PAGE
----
A World War II Story of Survival, Resilience, and Redemption
Author: Laura Hillenbrand
Publisher: Random House Trade Paperbacks
Category: Biography & Autobiography
Relates the story of a U.S. airman who survived when his bomber crashed into the sea during World War II, spent forty-seven days adrift in the ocean before being rescued by the Japanese Navy, and was held as a prisoner until the end of the war.
Marine Salvage in the United States Navy
Author: Department of the Navy,Charles A. Bartholomew,Jr Usn (Ret ) Milwee, Commander,William I. Milwee, Jr.
In the days when wooden sailing ships made up the fleets of the world, a ship that ran ashore could sometimes be freed by the judicious use of ground tackle and muscle. Most of the time, however, there was little to do other than rescue the crew and save the cargo. The rules of the sea began to change, however, in the mid-1800s. With the advent of steam power and a growing understanding of how human beings can work underwater, it became increasingly possible to refloat wrecked vessels, clear harbors, and locate and raise sunken ships, their cargoes, and other objects lost at sea. By the start of the twentieth century, the U.S. Navy had developed a fledgling salvage capability. Today, under the aegis of the Supervisor of Salvage, the Navy routinely handles assignments around the world, guarding U.S. naval and maritime interests and responding to requests for assistance from our allies. Mud, Muscle, and Miracles takes its reader on a gripping journey through the evolution of salvage—from the construction of a cofferdam to reveal the battleship Maine at the bottom of Havana harbor to the use of side-scan sonar and remotely operated vehicles to recover aircraft debris and complete vessels from the depths. The story is one of masterful seamanship, incomparable engineering, and absolute ingenuity and courage. It is also the history of one of our nation's longest lasting public-private partnerships—that of the commercial salvage industry and the U.S. Navy. Along the way there emerges more than a century's worth of strong, colorful, and supremely competent personalities, most of whom gained their understanding of salvage on the muddy sea bottom or on a slippery deck with winches groaning and wire ropes singing. Until the publication of these comprehensive editions on naval salvage, they were among the last of our nation's unsung heroes.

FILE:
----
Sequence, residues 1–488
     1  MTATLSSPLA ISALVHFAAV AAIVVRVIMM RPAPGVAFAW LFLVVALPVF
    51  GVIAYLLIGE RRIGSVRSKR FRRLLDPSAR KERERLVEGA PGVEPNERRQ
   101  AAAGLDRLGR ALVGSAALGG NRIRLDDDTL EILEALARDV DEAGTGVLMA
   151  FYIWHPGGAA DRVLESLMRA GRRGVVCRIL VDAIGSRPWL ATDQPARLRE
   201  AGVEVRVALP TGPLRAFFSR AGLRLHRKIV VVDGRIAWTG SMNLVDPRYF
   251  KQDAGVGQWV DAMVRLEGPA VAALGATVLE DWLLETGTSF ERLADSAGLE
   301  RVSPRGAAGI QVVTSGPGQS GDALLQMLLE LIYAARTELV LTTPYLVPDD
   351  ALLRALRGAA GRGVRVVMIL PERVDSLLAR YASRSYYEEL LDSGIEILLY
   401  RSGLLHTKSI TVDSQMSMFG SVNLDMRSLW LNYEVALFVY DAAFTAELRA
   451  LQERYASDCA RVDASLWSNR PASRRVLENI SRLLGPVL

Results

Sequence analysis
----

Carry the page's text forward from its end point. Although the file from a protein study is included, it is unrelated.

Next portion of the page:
The British Navy and the Halifax Naval Yard Before 1820
Author: Julian Gwyn
Publisher: University of Ottawa Press
Ashore and Afloat tells the early history of the Halifax Naval Yard. From the building of the yard and its expansion, to the people involved in the enterprise, to the nuts and bolts of buying the masts and paying the bills, Julian Gwyn's history of the Halifax Naval Yard leaves no stone unturned. Dozens of illustrations and copious appendices, including a biographical directory, accompany this compelling history.
Author: Callum G. Brown